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Neuroscience

Two-for-One: Medical Access, Research Edge

The Lake Forest College-Rosalind Franklin University of Medicine and Science (LFC-RFUMS) Summer Scholars Program announces the 2016 class of scholars. This group of undergraduates and newly minted graduates are set  for an enviable two-for-one advantage: direct mentoring access with medical school professors and an early and deep scientific research edge.

Now in its eighth year, the 2016 cohort of nineteen current students and four 2016 graduates is the largest placement yet for Lake Forest College’s one-of-a-kind undergraduate research training partnership with a medical school. More than 80 students have benefited from this program since 2008.

Professor of Biology Shubhik DebBurman and RFUMS professor Kuei-Yuan Tseng conceived this program in 2007. DebBurman explained that these twenty-three students and graduates will be working with twenty one medical school faculty members that represent eight major medical school departments at Rosalind Franklin University of Medicine and Science, which is only ten minutes from the college by car or train.

The medical school professors directly mentor LFC undergraduates, who work alongside graduate students, postdoctoral scientists and health professionals, gaining access to topnotch equipment and technologies. All scholars have the option to live on-campus and access the summer meal plan.

Many graduates have become published authors with medical school faculty in a growing list of major journals such as PLoS One, Behavioral Brain Research, Hippocampus, Nucleic Acids Research, Molecular Psychiatry, Biological Psychiatry, Journal of Neuroscience, and PLoS Genetics.

Several alumni of this program are now in medical school, PhD programs in biology, neuroscience and psychology, as well as pursuing diverse health professions degrees in optometry, physical therapy, pharmacy, dentistry, nursing, public health, counseling, and veterinary medicine. Others have become K-12 science teachers or headed for biotech/pharmaceutical careers.

DebBurman notes that the continued success of this highly successful collaboration between a medical school and a national liberal arts college emphasizes how institutional location and access can produce a unique edge to the career development preparation of our large cohort of pre-health students. “Eight years later, we are getting only stronger, better, and larger. The program has expanded the college’s ability to provide high quality research experiences to life science majors, helping meet a heavy demand from our students for such opportunities.”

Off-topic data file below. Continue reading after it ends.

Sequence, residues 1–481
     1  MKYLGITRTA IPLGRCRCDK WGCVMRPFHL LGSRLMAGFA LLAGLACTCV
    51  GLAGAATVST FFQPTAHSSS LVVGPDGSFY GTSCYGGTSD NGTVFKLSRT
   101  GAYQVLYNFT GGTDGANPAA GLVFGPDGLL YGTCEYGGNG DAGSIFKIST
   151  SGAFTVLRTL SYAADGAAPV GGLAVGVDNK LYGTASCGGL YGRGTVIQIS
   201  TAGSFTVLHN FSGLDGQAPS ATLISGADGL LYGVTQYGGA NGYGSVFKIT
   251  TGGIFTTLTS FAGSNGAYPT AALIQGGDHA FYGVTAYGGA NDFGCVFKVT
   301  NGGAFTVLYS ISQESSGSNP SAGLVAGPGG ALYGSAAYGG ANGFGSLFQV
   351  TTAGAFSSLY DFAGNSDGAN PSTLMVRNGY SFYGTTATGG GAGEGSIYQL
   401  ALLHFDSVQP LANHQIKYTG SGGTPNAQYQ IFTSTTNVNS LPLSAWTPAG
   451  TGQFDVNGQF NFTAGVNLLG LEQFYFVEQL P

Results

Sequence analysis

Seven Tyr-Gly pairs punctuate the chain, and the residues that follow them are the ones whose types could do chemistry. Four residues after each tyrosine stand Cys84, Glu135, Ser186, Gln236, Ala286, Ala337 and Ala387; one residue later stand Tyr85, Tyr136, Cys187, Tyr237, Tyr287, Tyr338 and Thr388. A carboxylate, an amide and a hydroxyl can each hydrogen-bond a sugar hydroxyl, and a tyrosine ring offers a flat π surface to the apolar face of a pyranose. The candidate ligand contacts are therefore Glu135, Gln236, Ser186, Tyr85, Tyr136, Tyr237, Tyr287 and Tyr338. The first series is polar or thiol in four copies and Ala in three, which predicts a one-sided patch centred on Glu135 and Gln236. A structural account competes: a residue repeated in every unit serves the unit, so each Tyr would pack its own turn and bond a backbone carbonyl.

Professor Tseng, who has mentored LFC undergraduates every year, believes that this program also benefits RFUMS in important ways, especially in its own educational mission: The main benefit we (RFUMS) receive from supporting this unique undergraduate research program is to have undergraduates in our labs so our graduate students and postdoctoral associated can exercise their mentorship abilities. Learning how to provide guidance and to be a good mentor are part of the skill sets any scientist needs to acquire at some point independently of whether the career path chosen is research or teaching. Perhaps the most valuable aspect for the student is to begin realizing how challenging it is to conceptualize an experimental design and its outcomes towards the discovery of new knowledge. Undergraduate students from LFC are very motivated and always ready to go extra-miles to achieve a goal. Such qualities are often hard to find in undergraduates these days.”.

RFUMS Professor of Neuroscience Anthony West echoes similar sentiments: “My experiences with the undergraduate students from LFC has been absolutely outstanding. I am continually impressed with their maturity, intellectual curiosity, and drive to participate in biomedical research. Indeed, the summer interns are usually very good candidates for graduate or medical school, and we do all that we can to encourage them to continue on this trajectory and to work in the lab during the school year prior to their predoctoral training. In many cases this has lead to authorship on scientific abstracts, and in some cases, manuscripts”.